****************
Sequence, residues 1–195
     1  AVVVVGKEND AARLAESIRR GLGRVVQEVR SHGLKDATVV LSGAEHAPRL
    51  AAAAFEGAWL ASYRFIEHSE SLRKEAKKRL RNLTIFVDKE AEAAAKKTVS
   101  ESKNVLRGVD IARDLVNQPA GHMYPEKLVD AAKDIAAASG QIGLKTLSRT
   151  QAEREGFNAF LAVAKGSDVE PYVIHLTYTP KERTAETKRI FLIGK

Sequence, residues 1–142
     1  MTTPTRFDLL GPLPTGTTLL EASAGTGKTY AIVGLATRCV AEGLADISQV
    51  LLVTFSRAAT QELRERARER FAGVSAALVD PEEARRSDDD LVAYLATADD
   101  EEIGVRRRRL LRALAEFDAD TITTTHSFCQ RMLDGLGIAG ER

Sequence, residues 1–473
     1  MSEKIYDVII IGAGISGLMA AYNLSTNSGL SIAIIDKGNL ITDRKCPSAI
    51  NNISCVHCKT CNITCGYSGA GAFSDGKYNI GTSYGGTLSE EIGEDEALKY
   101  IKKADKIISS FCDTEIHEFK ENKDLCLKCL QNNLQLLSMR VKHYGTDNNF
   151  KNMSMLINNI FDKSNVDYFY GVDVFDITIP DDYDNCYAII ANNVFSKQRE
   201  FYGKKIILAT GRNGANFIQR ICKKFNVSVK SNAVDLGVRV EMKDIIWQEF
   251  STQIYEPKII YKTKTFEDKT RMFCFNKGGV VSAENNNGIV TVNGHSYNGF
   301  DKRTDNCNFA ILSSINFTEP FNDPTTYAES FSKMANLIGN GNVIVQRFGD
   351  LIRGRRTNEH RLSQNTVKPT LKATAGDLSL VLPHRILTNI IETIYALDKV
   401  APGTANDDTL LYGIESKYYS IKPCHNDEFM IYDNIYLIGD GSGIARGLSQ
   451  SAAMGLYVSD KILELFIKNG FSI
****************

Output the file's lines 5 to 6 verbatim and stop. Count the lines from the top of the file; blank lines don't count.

   151  QAEREGFNAF LAVAKGSDVE PYVIHLTYTP KERTAETKRI FLIGK

Sequence, residues 1–142